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Involvement of spinal sensory pathway in ALS and specificity of cord atrophy to lower motor neuron degeneration

Overview of attention for article published in Amyotrophic Lateral Sclerosis and Frontotemporal Degeneration, August 2012
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  • Above-average Attention Score compared to outputs of the same age (57th percentile)

Mentioned by

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3 tweeters

Citations

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71 Dimensions

Readers on

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62 Mendeley
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Title
Involvement of spinal sensory pathway in ALS and specificity of cord atrophy to lower motor neuron degeneration
Published in
Amyotrophic Lateral Sclerosis and Frontotemporal Degeneration, August 2012
DOI 10.3109/17482968.2012.701308
Pubmed ID
Authors

Julien Cohen-Adad, Mohamed-Mounir El Mendili, Régine Morizot-Koutlidis, Stéphane Lehéricy, Vincent Meininger, Sophie Blancho, Serge Rossignol, Habib Benali, Pierre-François Pradat

Abstract

Our objective was to demonstrate that ALS patients have sensory pathway involvement and that local cord atrophy reflects segmental lower motor neuron involvement. Twenty-nine ALS patients with spinal onset and twenty-one healthy controls were recruited. Diffusion tensor imaging (DTI), magnetization transfer and atrophy index were measured in the spinal cord, complemented with transcranial magnetic stimulations. Metrics were quantified within the lateral corticospinal and the dorsal segments of the cervical cord. Significant differences were detected between patients and controls for DTI and magnetization transfer metrics in the lateral and dorsal segments of the spinal cord. Fractional anisotropy correlated with ALSFRS-R (p = 0.04) and motor threshold (p = 0.02). Stepwise linear regression detected local spinal cord atrophy associated with weakness in the corresponding muscle territory, i.e. C4 level for deltoid and C7 level for hand muscles. In conclusion, impairment of spinal sensory pathways was detected at an early stage of the disease. Our data also demonstrate an association between muscle deficits and local spinal cord atrophy, suggesting that atrophy is a sensitive biomarker for lower motor neurons degeneration.

Twitter Demographics

The data shown below were collected from the profiles of 3 tweeters who shared this research output. Click here to find out more about how the information was compiled.

Mendeley readers

The data shown below were compiled from readership statistics for 62 Mendeley readers of this research output. Click here to see the associated Mendeley record.

Geographical breakdown

Country Count As %
United States 2 3%
Unknown 60 97%

Demographic breakdown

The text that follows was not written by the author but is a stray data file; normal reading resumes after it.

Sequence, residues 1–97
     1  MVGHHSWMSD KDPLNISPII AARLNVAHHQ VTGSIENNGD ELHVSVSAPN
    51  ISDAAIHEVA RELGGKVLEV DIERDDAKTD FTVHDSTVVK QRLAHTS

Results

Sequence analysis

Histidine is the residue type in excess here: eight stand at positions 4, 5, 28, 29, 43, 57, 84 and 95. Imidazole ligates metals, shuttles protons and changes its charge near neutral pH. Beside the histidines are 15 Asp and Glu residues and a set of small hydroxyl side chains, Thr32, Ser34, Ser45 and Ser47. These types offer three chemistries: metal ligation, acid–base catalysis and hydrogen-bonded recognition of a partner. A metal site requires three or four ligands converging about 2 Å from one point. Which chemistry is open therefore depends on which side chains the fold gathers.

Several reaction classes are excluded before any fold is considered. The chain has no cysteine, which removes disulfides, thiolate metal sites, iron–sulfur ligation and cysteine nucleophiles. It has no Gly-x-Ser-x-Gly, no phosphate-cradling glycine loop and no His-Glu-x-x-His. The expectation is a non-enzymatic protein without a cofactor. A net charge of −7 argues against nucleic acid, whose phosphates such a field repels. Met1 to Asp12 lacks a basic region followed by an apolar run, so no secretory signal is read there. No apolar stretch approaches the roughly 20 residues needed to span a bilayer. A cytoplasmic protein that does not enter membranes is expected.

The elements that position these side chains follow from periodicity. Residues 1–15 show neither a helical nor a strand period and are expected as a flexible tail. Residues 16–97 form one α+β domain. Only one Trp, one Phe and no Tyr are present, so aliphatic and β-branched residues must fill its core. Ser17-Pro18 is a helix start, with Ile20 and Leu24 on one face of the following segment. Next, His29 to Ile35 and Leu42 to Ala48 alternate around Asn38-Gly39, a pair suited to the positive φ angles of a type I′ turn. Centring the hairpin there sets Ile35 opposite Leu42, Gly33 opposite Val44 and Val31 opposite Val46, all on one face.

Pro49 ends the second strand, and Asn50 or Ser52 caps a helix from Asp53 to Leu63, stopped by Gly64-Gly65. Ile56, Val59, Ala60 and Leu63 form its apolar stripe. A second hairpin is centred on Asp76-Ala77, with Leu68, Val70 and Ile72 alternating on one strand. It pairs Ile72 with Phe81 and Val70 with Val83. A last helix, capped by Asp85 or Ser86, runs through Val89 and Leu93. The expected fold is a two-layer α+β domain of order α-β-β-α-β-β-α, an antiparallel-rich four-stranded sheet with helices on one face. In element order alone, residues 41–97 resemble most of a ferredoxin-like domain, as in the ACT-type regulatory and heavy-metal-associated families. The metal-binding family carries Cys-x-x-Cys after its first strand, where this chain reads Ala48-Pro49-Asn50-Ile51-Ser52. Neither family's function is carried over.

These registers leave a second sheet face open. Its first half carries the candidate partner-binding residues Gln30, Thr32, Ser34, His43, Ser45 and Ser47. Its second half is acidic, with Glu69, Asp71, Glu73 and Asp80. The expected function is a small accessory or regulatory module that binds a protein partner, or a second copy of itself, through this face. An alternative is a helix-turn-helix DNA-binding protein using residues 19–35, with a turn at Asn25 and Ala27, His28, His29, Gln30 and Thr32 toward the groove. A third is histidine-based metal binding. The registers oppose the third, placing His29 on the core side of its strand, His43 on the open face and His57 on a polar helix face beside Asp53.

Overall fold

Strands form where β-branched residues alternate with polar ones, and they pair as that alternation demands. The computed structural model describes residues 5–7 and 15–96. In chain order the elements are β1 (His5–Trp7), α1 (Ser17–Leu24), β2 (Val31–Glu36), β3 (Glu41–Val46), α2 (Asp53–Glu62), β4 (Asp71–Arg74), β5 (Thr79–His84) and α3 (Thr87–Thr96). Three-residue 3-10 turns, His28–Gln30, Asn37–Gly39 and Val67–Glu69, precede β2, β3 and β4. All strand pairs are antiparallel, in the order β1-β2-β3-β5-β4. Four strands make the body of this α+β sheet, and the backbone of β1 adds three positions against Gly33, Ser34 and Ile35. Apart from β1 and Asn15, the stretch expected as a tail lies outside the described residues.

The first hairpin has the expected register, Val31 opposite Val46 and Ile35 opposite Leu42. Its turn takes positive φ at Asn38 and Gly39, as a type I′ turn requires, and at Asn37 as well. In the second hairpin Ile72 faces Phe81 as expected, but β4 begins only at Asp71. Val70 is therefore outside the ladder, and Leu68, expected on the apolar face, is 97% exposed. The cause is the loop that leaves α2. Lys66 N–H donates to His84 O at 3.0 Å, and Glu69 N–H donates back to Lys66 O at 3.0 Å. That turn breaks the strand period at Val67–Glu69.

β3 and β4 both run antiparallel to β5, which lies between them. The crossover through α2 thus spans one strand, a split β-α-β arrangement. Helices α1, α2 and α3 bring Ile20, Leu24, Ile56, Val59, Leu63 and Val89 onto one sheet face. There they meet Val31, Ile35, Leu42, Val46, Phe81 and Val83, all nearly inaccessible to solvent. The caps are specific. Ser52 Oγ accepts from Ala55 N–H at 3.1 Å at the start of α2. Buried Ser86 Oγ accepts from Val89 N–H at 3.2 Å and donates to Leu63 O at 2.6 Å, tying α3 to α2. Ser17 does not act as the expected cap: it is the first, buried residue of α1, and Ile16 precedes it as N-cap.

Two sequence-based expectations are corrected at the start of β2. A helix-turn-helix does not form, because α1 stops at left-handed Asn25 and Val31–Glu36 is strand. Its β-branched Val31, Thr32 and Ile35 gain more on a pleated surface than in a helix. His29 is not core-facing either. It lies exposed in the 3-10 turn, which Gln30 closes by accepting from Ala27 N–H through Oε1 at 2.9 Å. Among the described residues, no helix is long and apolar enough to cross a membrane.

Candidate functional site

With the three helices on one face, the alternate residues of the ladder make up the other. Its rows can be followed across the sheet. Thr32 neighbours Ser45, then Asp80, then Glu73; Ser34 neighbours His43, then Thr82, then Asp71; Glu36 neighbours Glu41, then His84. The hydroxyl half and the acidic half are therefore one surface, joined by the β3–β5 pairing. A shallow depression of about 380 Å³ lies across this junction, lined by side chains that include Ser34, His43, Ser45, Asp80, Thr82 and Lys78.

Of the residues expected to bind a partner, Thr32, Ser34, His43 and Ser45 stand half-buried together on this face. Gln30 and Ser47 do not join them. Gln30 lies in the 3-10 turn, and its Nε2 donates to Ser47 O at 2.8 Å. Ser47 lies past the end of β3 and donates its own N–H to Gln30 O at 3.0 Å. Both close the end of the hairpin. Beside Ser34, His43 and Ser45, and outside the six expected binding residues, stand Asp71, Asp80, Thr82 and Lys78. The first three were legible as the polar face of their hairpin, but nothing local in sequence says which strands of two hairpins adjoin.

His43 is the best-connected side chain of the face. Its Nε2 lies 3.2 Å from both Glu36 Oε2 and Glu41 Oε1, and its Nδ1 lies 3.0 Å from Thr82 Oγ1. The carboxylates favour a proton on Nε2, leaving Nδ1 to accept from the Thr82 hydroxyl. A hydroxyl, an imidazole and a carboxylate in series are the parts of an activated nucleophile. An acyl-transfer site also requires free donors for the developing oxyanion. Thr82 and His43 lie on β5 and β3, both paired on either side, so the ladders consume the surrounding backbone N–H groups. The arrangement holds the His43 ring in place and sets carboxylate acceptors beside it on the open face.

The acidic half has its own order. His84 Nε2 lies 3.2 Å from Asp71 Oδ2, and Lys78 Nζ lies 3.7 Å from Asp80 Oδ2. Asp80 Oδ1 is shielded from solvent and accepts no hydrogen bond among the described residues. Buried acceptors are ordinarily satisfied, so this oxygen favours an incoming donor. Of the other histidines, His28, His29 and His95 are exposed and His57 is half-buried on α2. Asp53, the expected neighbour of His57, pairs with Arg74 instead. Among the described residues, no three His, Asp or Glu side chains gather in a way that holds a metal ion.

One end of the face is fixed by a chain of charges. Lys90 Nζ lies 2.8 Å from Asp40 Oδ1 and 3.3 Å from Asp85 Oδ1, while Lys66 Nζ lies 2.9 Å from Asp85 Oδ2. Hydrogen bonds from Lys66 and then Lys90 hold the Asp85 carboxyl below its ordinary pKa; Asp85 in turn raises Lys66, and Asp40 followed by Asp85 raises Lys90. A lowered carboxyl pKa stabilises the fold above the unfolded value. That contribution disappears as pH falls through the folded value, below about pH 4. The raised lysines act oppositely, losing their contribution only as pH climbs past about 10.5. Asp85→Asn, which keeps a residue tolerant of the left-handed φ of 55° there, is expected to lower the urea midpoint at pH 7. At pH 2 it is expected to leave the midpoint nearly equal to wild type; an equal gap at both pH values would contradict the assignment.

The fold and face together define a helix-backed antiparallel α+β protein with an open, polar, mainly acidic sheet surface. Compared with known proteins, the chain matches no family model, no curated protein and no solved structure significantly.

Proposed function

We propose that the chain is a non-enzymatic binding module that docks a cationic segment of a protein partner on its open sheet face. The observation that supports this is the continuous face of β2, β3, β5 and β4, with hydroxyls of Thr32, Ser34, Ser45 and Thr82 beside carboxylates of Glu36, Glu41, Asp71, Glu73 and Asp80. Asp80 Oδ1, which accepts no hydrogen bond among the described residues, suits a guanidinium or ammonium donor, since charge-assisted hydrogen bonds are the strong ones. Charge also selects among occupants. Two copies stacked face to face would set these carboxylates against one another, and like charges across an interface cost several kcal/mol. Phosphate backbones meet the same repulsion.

Readers by professional status Count As %
Student > Ph. D. Student 18 29%
Researcher 9 15%
Student > Bachelor 6 10%
Student > Doctoral Student 6 10%
Student > Master 5 8%
Other 11 18%
Unknown 7 11%
Readers by discipline Count As %
Medicine and Dentistry 25 40%
Neuroscience 12 19%
Engineering 7 11%
Agricultural and Biological Sciences 6 10%
Computer Science 1 2%
Other 1 2%
Unknown 10 16%

Attention Score in Context

This research output has an Altmetric Attention Score of 3. This is our high-level measure of the quality and quantity of online attention that it has received. This Attention Score, as well as the ranking and number of research outputs shown below, was calculated when the research output was last mentioned on 03 September 2012.
All research outputs
#6,409,903
of 12,460,262 outputs
Outputs from Amyotrophic Lateral Sclerosis and Frontotemporal Degeneration
#262
of 374 outputs
Outputs of similar age
#53,058
of 125,211 outputs
Outputs of similar age from Amyotrophic Lateral Sclerosis and Frontotemporal Degeneration
#1
of 1 outputs
Altmetric has tracked 12,460,262 research outputs across all sources so far. This one is in the 48th percentile – i.e., 48% of other outputs scored the same or lower than it.
So far Altmetric has tracked 374 research outputs from this source. They typically receive more attention than average, with a mean Attention Score of 7.8. This one is in the 29th percentile – i.e., 29% of its peers scored the same or lower than it.
Older research outputs will score higher simply because they've had more time to accumulate mentions. To account for age we can compare this Altmetric Attention Score to the 125,211 tracked outputs that were published within six weeks on either side of this one in any source. This one has gotten more attention than average, scoring higher than 57% of its contemporaries.
We're also able to compare this research output to 1 others from the same source and published within six weeks on either side of this one. This one has scored higher than all of them